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A step back in the right direction for director David Gordon Green, Prince Avalanche shambles amiably along with a pair of artfully low-key performances from Paul Rudd and Emile Hirsch.
All Critics (117)
| Top Critics (30)
| Fresh (96)
| Rotten (21)
| DVD (1)
One of the most intriguing and thoughtful American films of the year.
Its absurdist tact won't be for everybody, but there is satisfaction in the nuanced, often-pleasing performances from Rudd and Hirsch as they slowly reveal their characters to both the audience and each other. These two grow on you.
It's an intimate two-hander with lots of dialogue, humour and poignant revelations, set against a backdrop of rugged woodland beauty.
[A] gently existentialist buddy movie.
The performances and ghostly, melancholic atmosphere make it satisfying twist on the male buddy film.
David Gordon Green somehow brings together the poetic sensibility of his independent art movies and the humorous lowbrow non sequiturs of his studio comedies; the results are one of a kind and often weirdly moving.
It feels as though Gordon Green was never entirely sure what type of film he wanted to make, and so it remains something of an enigma; interesting and engaging, if never quite fulfilling
Prince Avalanche would have made a fantastic short film, but as a feature, my only critique is that it seemed to drag a bit.
One of Prince Avalanche's central problems comes from the contrast of David Wingo's ethereal, overly weighty score, which seems to attempt to elevate the bromance humour to a more profound level.
Prince Avalanche has the pristine integrity of a movie that knows exactly what it wants to be -- and doesn't worry whether many or any will be eager to jump aboard.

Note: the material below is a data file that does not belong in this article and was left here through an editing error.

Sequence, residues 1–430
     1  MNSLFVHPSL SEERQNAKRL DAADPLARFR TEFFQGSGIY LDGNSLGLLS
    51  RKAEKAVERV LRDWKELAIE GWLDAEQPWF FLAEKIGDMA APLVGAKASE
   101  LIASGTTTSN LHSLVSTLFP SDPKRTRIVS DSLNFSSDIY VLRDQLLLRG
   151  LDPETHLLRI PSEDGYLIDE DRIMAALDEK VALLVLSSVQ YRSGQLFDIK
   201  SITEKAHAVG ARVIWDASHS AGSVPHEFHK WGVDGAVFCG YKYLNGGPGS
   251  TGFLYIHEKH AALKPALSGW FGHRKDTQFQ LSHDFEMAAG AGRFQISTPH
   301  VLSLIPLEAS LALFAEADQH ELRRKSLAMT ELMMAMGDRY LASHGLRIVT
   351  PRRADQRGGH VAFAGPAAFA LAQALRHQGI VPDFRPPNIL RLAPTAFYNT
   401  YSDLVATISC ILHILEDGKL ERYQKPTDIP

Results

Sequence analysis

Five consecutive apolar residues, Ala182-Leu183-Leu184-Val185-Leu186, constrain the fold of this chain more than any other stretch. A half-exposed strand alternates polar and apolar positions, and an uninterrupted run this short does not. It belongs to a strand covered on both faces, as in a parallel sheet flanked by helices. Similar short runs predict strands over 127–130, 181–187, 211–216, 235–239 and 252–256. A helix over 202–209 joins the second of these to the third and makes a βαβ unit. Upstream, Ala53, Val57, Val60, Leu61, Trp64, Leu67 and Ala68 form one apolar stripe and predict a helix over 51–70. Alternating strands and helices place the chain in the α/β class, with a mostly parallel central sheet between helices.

There's almost no plot and just two other minor characters but Prince Avalanche is a haunting, eccentric and ultimately touching little curio.
(Director David Gordon) Green combines the comic warmth and buddy film fun of Pineapple Express with the more laconic, musing quality of his early regional indies for a modest short story of a character piece.
An enjoyable blend of funny and melancholy that benefits from Green's solid direction and strong performances by Rudd and Hirsch, even if it feels a bit vague and purposely enigmatic as its title, with the dialogue also becoming artificial after a certain hip accident scene.
Cinematography was beautiful and the story seemed like it was going to be touching, but it never really all came together. Ended up feeling kind of incomplete.
Alvin: True love is like a ghost- people talk about it, but very few have seen it.
Prince Avalanche is a return to roots for David Gordon Green. It takes him back to the quiet, indie type of filmmaking that got him started with a movie like George Washington. It has no real beginning and no real ending, and it definitely isn't for everyone. It's a completely different type of film then the comedies he's been making like Pineapple Express, Your Highness, and The Sitter, and it shows is versatility as a filmmaker.
Two guys, Alvin and Lance are working on an isolated highway away from any town during the summer of 1988. They're painting the lines on a road that had been destroyed, along with many houses during a major wildfire in Texas. The two are very different, but they begin to kindle a friendship as they help each other through tough moments of their lives.
This is a movie that many will think is boring, pointless filmmaking, but if you are like me, and enjoy these subtle, performance driven movies, then it's worth a look. Paul Rudd and Emile Hirsch give good performances, and for the most part are the only people on screen. In the end, I never feel in love with the film, but it was one I enjoyed for the most part.
Well, I watched this to see my fave Paul Rudd. If he hadn't been in it, I most likely wouldn't even made it half way through. It is very slow, and dull, but he helped with the tediousness, Nothing exciting to see here, just a story slowly unfolding in front of our eyes...very slowly.
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